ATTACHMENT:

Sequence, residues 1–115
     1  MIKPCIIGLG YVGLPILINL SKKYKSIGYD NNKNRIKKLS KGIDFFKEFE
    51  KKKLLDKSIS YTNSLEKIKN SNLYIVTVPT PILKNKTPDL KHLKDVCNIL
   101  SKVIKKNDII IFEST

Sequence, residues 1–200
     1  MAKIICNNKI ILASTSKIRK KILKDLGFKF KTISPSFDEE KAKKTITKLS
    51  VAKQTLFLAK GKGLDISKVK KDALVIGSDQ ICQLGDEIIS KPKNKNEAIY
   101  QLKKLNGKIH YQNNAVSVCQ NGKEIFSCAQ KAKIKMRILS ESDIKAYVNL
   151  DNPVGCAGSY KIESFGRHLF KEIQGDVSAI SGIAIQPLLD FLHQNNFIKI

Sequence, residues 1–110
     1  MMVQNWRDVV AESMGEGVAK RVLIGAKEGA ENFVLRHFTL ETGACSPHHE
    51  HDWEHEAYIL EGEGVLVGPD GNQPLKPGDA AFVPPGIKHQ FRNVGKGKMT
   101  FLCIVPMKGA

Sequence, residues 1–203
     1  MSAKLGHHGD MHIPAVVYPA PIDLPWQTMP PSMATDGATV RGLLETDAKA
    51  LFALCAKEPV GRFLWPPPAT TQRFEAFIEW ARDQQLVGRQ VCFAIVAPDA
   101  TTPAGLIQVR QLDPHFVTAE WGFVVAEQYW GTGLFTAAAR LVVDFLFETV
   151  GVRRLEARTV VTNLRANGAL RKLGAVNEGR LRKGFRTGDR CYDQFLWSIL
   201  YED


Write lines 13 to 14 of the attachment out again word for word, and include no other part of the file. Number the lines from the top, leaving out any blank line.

   101  FLCIVPMKGA

Sequence, residues 1–203